Thank You to All Who Donated To Our Birthday

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Two months ago Gary and I not only celebrated our milestone birthdays, 60/40 – Happy 100 Centennial, but also (as we have shared) got married making the love we have felt the past five years that much stronger, as we are joined together for life.  Our nuptials were a surprise, so we asked for no special gifts to be given, but we did request anyone wanting to bring a birthday gift to donate to Dallas Uncorked instead, for us to give back to two important charities that we believe strongly in, Charity:Water and The Edible Schoolyard Project. Thank you to all those who contributed. Earlier this month we were able to give $500 donations to each in the names of a few very important people to us.

To Charity:Water, our donation was made in honor of Don and Ellen Winspear, our dear friends and witnesses for our marriage who have a love, romance and marriage that Gary and I admire and aspire to.  Sweethearts since their youth, they continue to surprise us with their courage, depth, strength, grace and love, even when facing extreme adversity.

To The Edible Schoolyard Project, our donation was made in the name of the magnificent Dash Stodghill, much like a superhero with the manners of a prince, Dash is the curly haired son of Anne and Steve, our dear friends who graciously gave us the use of their pristine home for our birthday festivities. Dash is lucky, his mama has already planted raised garden beds in their backyard to start the learning process of growing plants and eating food straight from the garden, so he is learning the importance of this at a very young age.  Millions of kids across the country don’t have this benefit and The Edible Schoolyard Project hopes to change that.

If you are unfamiliar with either, here is a little information about them both and why we have chosen to support them.

Charity:Water was started in 2006 with the goal to bring clean and safe drinking water to people in developing nations.  Over 800 million people in the world today do not have easy access to clean drinking water….that is about one out of every nine people in the world, don’t have access to the one resource we often take most for granted.  In countries around the world the sole jobs of many people in villages, usually young girls and women, is to walk to gather water, often spending the majority of their day in this one simple task, carrying up to 80 pounds back to their village to supply the rest. Charity:Water is determined to change this, by working with partners around the world to dig wells, capture rainwater, provide water purification and sanitation, dramatically changing the lifestyles of hundreds of thousands…so far…around the world. And, one of the key reasons I love them, 100% of every dollar donated is used for these water projects.  Funding for staffing, office maintenance, etc. is provided through separate private donations and sponsorships. Since they started multiple water projects have been completed in 20 countries around the world helping bring clean water to millions of people.  In Ethiopia they have helped 1,183,550 people through 3000+ projects, in The Republic of Congo over 56,000 people have been helped through 183 projects, 71,000 people in Haiti have been helped through 39 projects and dozens more. Their work is impactful, relevent and important.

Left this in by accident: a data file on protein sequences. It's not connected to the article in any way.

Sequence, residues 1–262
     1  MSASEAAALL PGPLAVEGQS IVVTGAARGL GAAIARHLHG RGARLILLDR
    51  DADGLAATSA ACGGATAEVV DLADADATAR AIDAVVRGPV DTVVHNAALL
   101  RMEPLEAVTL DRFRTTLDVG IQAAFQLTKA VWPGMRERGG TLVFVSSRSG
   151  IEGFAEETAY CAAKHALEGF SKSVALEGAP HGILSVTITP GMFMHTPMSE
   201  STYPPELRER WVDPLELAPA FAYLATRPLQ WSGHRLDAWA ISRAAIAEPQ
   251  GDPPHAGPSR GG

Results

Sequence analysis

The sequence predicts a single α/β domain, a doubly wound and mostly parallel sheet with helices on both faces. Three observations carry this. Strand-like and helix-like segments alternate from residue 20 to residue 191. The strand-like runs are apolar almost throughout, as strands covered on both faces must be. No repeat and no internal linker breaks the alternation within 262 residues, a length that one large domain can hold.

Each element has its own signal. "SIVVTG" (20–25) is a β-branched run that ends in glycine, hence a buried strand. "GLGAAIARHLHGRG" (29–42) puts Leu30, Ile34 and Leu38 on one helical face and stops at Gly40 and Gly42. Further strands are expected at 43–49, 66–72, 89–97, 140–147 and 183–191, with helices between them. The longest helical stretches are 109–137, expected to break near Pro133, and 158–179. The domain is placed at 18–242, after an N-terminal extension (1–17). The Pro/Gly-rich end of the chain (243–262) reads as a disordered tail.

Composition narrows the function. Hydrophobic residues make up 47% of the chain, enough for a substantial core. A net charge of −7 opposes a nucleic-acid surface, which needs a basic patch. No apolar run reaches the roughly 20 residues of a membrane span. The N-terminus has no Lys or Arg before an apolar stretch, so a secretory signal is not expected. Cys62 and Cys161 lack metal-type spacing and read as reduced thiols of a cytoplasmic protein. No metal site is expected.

The Edible Schoolyard Project was started by the mother of the slow food/real food movement, Alice Waters, famed owner and chef of Chez Panise in Berkley.  Ms. Waters had the universal idea that “every child in this world needs to have a relationship with the land… to know how to nourish themselves… and to know how to connect with the community around them.”  By establishing living gardens in schools and communities throughout the country, especially in inner city, urban areas that have difficulty finding fresh fruits and vegetables, you can teach children how to nurture the land and nourish themselves, ensuring they will never go hungry….an issue so many kids face in the U.S. today. Bonus, they will also learn to appreciate the taste of real food, especially when they have a hand in growing it. More and more programs are being developed throughout the country, following Ms. Waters vision for “fostering hands-on learning, healthier food choices, and respect for one another and the land.”

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